Expression of an artificial polypeptide with a repeated tripeptide glutamyl–tryptophanyl–lysine in Saccharomyces cerevisiae


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Abstract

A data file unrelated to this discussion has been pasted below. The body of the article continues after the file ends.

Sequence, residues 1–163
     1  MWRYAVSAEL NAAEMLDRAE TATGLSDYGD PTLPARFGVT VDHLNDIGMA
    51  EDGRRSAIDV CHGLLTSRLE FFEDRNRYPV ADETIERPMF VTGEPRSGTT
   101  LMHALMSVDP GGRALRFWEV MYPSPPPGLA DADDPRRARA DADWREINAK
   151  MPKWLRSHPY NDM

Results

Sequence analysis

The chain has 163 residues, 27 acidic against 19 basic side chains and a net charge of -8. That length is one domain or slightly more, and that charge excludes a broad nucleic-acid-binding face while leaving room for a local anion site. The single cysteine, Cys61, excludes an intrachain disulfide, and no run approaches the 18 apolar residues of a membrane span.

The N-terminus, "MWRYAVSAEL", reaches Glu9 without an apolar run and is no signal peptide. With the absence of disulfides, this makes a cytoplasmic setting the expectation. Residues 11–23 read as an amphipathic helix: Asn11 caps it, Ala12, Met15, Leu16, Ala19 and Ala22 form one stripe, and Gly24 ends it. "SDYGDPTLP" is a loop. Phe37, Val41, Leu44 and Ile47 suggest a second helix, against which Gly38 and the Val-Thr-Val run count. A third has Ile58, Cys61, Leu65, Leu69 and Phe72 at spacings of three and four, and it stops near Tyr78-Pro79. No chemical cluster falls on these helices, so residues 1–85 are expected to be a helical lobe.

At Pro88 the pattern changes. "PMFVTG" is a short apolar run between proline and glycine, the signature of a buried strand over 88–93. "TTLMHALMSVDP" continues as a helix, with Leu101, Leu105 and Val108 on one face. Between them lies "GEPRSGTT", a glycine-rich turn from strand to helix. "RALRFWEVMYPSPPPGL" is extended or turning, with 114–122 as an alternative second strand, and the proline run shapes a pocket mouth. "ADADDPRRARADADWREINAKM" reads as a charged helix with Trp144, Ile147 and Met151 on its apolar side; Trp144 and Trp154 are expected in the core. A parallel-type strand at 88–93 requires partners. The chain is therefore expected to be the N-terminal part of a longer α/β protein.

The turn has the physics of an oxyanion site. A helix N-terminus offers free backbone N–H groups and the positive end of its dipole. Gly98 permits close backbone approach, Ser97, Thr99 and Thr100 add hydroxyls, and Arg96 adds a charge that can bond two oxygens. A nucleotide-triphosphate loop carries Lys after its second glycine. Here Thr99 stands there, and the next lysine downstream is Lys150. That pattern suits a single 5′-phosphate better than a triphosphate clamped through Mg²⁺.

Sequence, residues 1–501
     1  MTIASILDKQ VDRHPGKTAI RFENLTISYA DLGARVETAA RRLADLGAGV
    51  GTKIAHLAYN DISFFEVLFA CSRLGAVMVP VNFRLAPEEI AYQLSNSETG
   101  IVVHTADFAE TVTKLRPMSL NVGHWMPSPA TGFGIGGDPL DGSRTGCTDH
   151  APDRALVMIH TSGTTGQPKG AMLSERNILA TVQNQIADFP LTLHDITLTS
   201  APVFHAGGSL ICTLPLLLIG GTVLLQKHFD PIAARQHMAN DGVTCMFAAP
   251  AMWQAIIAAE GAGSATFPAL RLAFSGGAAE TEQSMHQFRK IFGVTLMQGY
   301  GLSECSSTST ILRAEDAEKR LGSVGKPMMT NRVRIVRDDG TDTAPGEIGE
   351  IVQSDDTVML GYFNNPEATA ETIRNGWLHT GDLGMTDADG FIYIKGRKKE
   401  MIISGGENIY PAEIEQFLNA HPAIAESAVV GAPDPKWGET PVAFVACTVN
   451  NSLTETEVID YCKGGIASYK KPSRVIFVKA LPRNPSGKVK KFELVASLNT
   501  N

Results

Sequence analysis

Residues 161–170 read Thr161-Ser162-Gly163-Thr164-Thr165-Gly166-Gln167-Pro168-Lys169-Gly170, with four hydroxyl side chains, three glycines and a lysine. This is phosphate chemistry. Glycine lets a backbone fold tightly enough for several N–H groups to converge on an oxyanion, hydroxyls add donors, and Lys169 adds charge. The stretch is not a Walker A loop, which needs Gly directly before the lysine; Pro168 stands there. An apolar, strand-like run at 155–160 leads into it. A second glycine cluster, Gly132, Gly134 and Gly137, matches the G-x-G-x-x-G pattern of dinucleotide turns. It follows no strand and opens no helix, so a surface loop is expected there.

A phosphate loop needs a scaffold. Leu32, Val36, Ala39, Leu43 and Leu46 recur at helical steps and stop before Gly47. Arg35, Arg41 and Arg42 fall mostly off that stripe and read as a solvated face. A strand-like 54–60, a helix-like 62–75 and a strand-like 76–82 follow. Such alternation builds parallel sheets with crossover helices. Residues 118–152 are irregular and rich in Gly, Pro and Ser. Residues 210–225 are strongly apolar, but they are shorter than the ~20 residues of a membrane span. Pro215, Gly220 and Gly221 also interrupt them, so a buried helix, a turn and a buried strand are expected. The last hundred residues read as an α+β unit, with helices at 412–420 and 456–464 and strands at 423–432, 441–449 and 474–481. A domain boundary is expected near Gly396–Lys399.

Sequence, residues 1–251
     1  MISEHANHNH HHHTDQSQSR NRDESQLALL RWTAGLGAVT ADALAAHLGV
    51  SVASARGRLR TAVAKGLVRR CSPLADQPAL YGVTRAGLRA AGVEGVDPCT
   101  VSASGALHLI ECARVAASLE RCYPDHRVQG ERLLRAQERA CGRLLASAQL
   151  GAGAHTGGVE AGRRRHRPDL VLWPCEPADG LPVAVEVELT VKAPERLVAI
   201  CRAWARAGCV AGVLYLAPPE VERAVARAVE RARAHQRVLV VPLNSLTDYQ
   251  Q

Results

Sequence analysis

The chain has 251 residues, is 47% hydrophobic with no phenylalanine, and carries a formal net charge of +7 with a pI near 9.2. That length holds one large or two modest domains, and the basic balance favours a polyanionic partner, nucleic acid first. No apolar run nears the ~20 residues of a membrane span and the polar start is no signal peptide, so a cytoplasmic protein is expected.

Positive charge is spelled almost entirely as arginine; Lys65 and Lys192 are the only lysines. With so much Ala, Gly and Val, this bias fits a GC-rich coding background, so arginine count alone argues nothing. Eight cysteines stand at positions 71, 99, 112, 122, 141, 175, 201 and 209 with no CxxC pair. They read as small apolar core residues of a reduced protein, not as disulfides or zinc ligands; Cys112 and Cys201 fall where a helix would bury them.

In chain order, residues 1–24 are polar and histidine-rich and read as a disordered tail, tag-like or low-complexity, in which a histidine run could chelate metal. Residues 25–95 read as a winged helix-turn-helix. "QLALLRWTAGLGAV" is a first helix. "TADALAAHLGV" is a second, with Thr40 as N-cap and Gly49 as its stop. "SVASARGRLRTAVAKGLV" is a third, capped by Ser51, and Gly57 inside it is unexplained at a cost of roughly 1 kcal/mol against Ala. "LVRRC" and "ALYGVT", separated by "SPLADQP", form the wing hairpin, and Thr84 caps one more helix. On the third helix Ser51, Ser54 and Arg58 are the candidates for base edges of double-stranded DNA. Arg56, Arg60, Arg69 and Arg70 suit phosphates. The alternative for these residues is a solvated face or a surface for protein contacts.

AimsArtificial genes, which encode 48 or 64 repeats of a tripeptide, glutamyl–tryptophanyl–lysine have been cloned to the yeast expression vector pAM82 containing the PHO5 promoter and expressed in Saccharomyces cerevisiae AH22.Methods and ResultsWhen the yeast cells harbouring recombinant plasmids pALTG6-2 and pALTG4-4 were derepressed in Burkholder minimal medium (Toh-e, A., Ueda, Y., Kakimoto, S.I. and Oshima, Y. (1973) Journal of Bacteriology113, 727–738) containing low phosphate (0·03 g l−1 KH2PO4 and 1·5 g l−1 KCl), the expression was the highest after 24 h induction and the artificial polypeptides were synthesized to about 10% (pALTG6-2) and 14% (pALTG4-4) of the total cell protein.ConclusionsThe artificial polypeptides produced in yeast were made to react with the rabbit antiserum against the polypeptide purified from Escherichia coli and found only in the pellet fraction of cell lysates, indicating the formation of inclusion body. Artificial polypeptide consisting of Glu–Trp–Lys may be useful as partial supplement in food and feeds.Significance and Impact of the StudyThe production of single cell enriched with homopolymers of an essential amino acid in yeast might be an important tool of supplementing cereal diets and feed grain rations and could be used as means for improvement of the amino acid profile of single cell protein and production of pharmaceutical peptides.

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